Harris Tweed is the ultimate bespoke fabric. Still painstakingly produced by individual weavers in their own homes, on looms unchanged for centuries, it can be customized to almost any whim. Patterns and colors are limitless, spanning the traditional dun greens and browns and hunting herringbone to the bright scarlets and yellows preferred by Vivienne Westwood or Yves Saint Laurent. Even the weave can be tweaked and adjusted to best suit its final purpose. The most common, of course, is clothing: When destined for a jacket, where softness and strength are both vital, the looms will be strung with 1,400 warp threads. The other regular use is as furnishing fabric—whether for throw pillows, blankets, or even sofa and chair upholstery—where 1,600 threads will be more durable.
Indeed, the only constant is the production process, which is ferociously policed to protect the quality of Harris Tweed. It was the early 20th century when a quality mark was first registered: a crowned orb, which is still stamped in wax on every bale of cloth. That symbol, so synonymous with royalty, was an explicit nod to King Edward VII, who had just popularized this tweed among the British aristocracy. It was ideal for country pursuits and life outdoors, he realized; windproof and highly water resistant, it was performance fabric long before there ever was such a thing. Gore-Tex, eat your heart out.
The royal family has long loved the Outer Hebrides, an island chain off the west coast of Scotland that’s the last scrap of the British Isles before North America (indeed, Prince Charles spent a cherished year there incognito as a teenager, working on a farm). It was there that Queen Victoria’s son and successor first saw this material, which was originally produced by the islands’ subsistence farmers or crofters. Loath to waste the wool of the sheep they kept, they built rickety handlooms and spent long evenings spinning and weaving the wool into a fabric that was ideally suited to the rugged life of the isles.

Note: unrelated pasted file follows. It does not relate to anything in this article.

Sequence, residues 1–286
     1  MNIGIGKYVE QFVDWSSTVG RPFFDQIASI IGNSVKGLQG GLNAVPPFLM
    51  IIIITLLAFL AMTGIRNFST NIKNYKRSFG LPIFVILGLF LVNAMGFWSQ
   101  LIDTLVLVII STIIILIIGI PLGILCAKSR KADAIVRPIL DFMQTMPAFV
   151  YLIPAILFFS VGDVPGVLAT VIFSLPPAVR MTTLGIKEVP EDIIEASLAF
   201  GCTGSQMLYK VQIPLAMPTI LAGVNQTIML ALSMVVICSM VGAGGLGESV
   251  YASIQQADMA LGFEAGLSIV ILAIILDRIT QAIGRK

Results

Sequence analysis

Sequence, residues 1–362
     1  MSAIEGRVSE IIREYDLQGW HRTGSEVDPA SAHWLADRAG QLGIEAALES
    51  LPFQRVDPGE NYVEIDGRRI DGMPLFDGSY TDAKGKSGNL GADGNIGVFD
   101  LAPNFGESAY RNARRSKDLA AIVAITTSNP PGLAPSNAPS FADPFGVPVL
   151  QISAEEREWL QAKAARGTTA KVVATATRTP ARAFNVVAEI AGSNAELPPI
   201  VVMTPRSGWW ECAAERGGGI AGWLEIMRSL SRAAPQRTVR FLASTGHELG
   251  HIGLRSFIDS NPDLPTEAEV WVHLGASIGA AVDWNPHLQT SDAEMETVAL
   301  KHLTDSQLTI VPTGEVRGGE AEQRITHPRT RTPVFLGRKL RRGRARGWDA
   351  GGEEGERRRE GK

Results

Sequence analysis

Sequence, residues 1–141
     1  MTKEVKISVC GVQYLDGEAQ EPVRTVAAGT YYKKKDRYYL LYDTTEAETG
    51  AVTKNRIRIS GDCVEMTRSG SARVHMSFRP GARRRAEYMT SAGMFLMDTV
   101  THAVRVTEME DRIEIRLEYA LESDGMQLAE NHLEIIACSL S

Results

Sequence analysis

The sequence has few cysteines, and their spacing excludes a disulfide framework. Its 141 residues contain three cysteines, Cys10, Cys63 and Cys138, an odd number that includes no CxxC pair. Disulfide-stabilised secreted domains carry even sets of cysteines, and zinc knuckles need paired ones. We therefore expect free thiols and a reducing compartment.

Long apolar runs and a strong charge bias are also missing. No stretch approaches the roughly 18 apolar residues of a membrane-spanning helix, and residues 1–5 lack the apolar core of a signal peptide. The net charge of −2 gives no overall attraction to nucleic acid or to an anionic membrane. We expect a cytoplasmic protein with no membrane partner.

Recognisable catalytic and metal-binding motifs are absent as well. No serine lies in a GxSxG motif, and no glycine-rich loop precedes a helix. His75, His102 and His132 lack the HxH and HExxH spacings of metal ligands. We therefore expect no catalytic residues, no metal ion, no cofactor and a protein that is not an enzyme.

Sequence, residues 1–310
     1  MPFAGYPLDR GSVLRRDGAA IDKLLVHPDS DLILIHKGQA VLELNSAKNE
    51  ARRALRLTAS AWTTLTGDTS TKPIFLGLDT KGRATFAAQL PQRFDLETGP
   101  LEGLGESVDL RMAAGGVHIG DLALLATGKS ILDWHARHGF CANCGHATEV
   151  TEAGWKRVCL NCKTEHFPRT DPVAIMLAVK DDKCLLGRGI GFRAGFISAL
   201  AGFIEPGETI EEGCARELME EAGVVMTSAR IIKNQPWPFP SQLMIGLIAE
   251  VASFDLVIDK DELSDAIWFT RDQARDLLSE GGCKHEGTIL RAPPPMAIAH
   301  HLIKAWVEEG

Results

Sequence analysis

Today, true Harris Tweed must be produced in exactly the same way. Every piece must be made in the Hebrides, hand-spun, hand-woven, dyed, and finally finished. This process, known as waulking, sets the dyes, shrinks the weave to boost its waterproof properties, and raises the nap to make the tweed softer.
Commissioning a custom pattern is straightforward; this industry was built on small-scale production and limited orders. Contact one of the mills there, like Harris Tweed Hebrides—it acts as a broker between customers and the more than 140 or so independent hand-weavers who still practice the craft. The minimum order is 50 meters (around 164 feet) of tweed with a turnaround time of 12 to 14 weeks. The mill has its own in-house design team, which will develop the initial pattern for a customer’s approval as it does for up to 1,000 different clients, both corporate and private, each year. Once the customer signs off, the mill will supply the threads, string the loom for the weaver, and handle the waulking. Prices range between $50 to $75 per meter.
The other option is to make a pilgrimage to the production site and supervise the process personally. Some weavers will work directly with clients rather than rely on the mills to act as middlemen. One of the best known of these is Donald John Mackay. He accepts private commissions with a minimum order of 25 meters of tweed, with costs and timings comparable to working via the mill. He can also produce fabric for both clothing and upholstery. Mackay doesn’t use email, though he’ll answer the phone (+44.1851.550261); the best way to work with him is undoubtedly in person. Like most weavers in this cottage industry, Mackay works from a small shed in the yard of his house. Inside it, other than the click-clack of his Rube Goldberg–esque loom, the only noise is lilting Scottish folk music piped in by the tinny radio in one corner. A furrow-browed man of few words, nothing makes him brighten as visibly as the promise of a custom project, however complex the color or pattern might be. “Nothing is too hard to do,” he says. “It just takes some time to set things up.” Harris Tweed, of course, has taken centuries.